Free desktop application distribution and installation
maandree at member.fsf.org
Mon Dec 8 18:09:34 PST 2014
On Mon, 8 Dec 2014 17:54:09 -0800
Thomas Kluyver <thomas at kluyver.me.uk> wrote:
> Thanks Matthias & Mattias for your comments,
> I will certainly look into Limba some more - I don't want
> to proliferate too many solutions if other people are
> working on this. From reading your blog post, my initial
> concern is that having a duplicate dependency system is
> too complex. My idea is that these application packages
> are only consumers of the system dependency management,
> and that only for sufficiently stable packages (like
> PyQt4). If the developer wants to bundle things, they
> just include the relevant files in their package, without
> telling the package system about them at all.
> On 8 December 2014 at 15:38, Matthias Klumpp
> <matthias at tenstral.net> wrote:
> >> 3. Applications can be installed into ~/.local without
> >> giving them root privileges
> > This actually has some security implications, e.g. a
> > malicious software can taint the other applications and
> > use them to hide itself. It also leads to some kind of
> > annarchy on one system, where different users are
> > running different software versions (and combinations
> > of them).
> Sure, it's a long way from perfect security against
> malicious applications. But it's a very easy step to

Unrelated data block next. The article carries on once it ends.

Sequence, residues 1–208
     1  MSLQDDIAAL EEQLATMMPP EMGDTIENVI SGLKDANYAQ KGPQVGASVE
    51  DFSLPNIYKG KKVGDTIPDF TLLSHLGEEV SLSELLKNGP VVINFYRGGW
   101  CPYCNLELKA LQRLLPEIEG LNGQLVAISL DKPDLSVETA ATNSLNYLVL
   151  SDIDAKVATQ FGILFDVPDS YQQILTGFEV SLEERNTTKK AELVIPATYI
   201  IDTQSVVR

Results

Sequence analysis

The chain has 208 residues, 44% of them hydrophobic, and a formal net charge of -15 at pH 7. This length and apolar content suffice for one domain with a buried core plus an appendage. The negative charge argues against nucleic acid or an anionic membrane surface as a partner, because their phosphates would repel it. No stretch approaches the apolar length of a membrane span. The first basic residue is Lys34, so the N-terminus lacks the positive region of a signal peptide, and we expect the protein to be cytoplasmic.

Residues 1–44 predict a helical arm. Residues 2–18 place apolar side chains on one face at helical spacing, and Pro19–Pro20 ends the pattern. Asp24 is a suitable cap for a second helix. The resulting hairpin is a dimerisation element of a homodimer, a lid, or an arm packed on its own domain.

> take, and giving an application everything apart from
> root permissions is still better than giving it
> everything including root, so it's better than
> installing .deb/.rpm packages. 3a was my goal to improve
> security, but that's orders of magnitude more complex.
> > > 6. Ideally, all of this should be an addition to a
> > > tarball, so sites can offer a single .app.tar.gz
> > > file, and users without the installer
> > mechanism
> > > can extract the files and launch the application
> > > manually.
> > Why should they want to do that? This would not only
> > have all problems described in 3., but also have other
> > technical difficulties. E.g. you have version 1.0 of
> > application X which creates some configuration in your
> > home directory. Then you decide to "test" version 2.0
> > that way, which migrates your configuration to a higher
> > version. Then you decide to switch back to 1.0, or
> > simply launch 1.0 because you forgot about the local
> > copy. Version 1.0 can't read 2.0 configuration or in
> > the worst case might even corrupt it, and then you have
> > new trouble.
> I'm not quite sure about the link between that point and
> upgrading/downgrading config.
> This is my attempt to address the obvious catch 22 here:
> why would users install the package installer tool if
> apps don't use it, and why would apps use that packaging
> format if users can't install it? My solution is that the
> packaging format is usable even without having the
> installer tool. All the applications that currently offer
> Linux downloads as a tarball could offer .app.tar.gz
> tarballs. If the user doesn't have the installer, they
> just keep using it like a regular tarball, but if they
> do, it opens in the installer, and shortcuts and
> dependencies are automatically installed for the user.